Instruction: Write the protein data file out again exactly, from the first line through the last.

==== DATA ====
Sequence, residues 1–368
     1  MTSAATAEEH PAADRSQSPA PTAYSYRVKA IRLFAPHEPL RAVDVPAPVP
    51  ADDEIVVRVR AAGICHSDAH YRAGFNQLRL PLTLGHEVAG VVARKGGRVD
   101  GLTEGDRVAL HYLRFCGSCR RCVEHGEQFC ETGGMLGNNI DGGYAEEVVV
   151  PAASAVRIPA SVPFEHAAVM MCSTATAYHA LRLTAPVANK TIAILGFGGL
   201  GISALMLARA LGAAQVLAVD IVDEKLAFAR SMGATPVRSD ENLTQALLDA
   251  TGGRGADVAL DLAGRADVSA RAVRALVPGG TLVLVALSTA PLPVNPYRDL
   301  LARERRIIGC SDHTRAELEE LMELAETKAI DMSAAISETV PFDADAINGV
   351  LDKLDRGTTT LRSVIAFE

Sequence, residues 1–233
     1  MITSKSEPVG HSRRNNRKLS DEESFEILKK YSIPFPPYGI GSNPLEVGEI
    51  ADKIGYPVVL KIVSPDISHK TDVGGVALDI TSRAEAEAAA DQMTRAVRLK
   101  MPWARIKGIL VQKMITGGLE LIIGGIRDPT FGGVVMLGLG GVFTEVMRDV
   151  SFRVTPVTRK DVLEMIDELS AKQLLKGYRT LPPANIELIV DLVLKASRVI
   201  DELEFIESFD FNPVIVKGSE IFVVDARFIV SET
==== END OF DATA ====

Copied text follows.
Sequence, residues 1–368
     1  MTSAATAEEH PAADRSQSPA PTAYSYRVKA IRLFAPHEPL RAVDVPAPVP
    51  ADDEIVVRVR AAGICHSDAH YRAGFNQLRL PLTLGHEVAG VVARKGGRVD
   101  GLTEGDRVAL HYLRFCGSCR RCVEHGEQFC ETGGMLGNNI DGGYAEEVVV
   151  PAASAVRIPA SVPFEHAAVM MCSTATAYHA LRLTAPVANK TIAILGFGGL
   201  GISALMLARA LGAAQVLAVD IVDEKLAFAR SMGATPVRSD ENLTQALLDA
   251  TGGRGADVAL DLAGRADVSA RAVRALVPGG TLVLVALSTA PLPVNPYRDL
   301  LARERRIIGC SDHTRAELEE LMELAETKAI DMSAAISETV PFDADAINGV
   351  LDKLDRGTTT LRSVIAFE

Sequence, residues 1–233
     1  MITSKSEPVG HSRRNNRKLS DEESFEILKK YSIPFPPYGI GSNPLEVGEI
    51  ADKIGYPVVL KIVSPDISHK TDVGGVALDI TSRAEAEAAA DQMTRAVRLK
   101  MPWARIKGIL VQKMITGGLE LIIGGIRDPT FGGVVMLGLG GVFTEVMRDV
   151  SFRVTPVTRK DVLEMIDELS AKQLLKGYRT LPPANIELIV DLVLKASRVI
   201  DELEFIESFD FNPVIVKGSE IFVVDARFIV SET